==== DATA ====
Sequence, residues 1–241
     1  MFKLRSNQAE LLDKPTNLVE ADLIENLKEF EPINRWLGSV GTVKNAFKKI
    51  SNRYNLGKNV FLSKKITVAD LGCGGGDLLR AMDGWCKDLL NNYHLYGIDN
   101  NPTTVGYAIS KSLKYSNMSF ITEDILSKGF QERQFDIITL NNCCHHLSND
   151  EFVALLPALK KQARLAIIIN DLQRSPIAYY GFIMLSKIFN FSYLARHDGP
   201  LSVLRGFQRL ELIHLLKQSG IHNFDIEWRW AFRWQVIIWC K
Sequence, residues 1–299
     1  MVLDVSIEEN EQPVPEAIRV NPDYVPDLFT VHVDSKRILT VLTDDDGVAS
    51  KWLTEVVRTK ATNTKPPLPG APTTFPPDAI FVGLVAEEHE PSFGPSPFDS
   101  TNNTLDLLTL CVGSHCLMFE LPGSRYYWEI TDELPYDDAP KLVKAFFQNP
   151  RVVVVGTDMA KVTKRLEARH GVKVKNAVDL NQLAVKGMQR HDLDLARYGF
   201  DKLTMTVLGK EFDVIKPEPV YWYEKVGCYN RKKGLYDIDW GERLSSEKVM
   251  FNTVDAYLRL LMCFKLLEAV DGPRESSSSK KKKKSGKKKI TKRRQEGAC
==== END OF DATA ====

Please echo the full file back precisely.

Sequence, residues 1–241
     1  MFKLRSNQAE LLDKPTNLVE ADLIENLKEF EPINRWLGSV GTVKNAFKKI
    51  SNRYNLGKNV FLSKKITVAD LGCGGGDLLR AMDGWCKDLL NNYHLYGIDN
   101  NPTTVGYAIS KSLKYSNMSF ITEDILSKGF QERQFDIITL NNCCHHLSND
   151  EFVALLPALK KQARLAIIIN DLQRSPIAYY GFIMLSKIFN FSYLARHDGP
   201  LSVLRGFQRL ELIHLLKQSG IHNFDIEWRW AFRWQVIIWC K
Sequence, residues 1–299
     1  MVLDVSIEEN EQPVPEAIRV NPDYVPDLFT VHVDSKRILT VLTDDDGVAS
    51  KWLTEVVRTK ATNTKPPLPG APTTFPPDAI FVGLVAEEHE PSFGPSPFDS
   101  TNNTLDLLTL CVGSHCLMFE LPGSRYYWEI TDELPYDDAP KLVKAFFQNP
   151  RVVVVGTDMA KVTKRLEARH GVKVKNAVDL NQLAVKGMQR HDLDLARYGF
   201  DKLTMTVLGK EFDVIKPEPV YWYEKVGCYN RKKGLYDIDW GERLSSEKVM
   251  FNTVDAYLRL LMCFKLLEAV DGPRESSSSK KKKKSGKKKI TKRRQEGAC